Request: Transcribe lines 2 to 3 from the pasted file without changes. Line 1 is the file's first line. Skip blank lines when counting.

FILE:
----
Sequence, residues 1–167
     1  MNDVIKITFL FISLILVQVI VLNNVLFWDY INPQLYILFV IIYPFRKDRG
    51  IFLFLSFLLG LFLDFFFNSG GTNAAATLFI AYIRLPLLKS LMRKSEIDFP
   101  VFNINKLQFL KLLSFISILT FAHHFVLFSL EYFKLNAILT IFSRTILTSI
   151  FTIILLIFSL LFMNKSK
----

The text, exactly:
     1  MNDVIKITFL FISLILVQVI VLNNVLFWDY INPQLYILFV IIYPFRKDRG
    51  IFLFLSFLLG LFLDFFFNSG GTNAAATLFI AYIRLPLLKS LMRKSEIDFP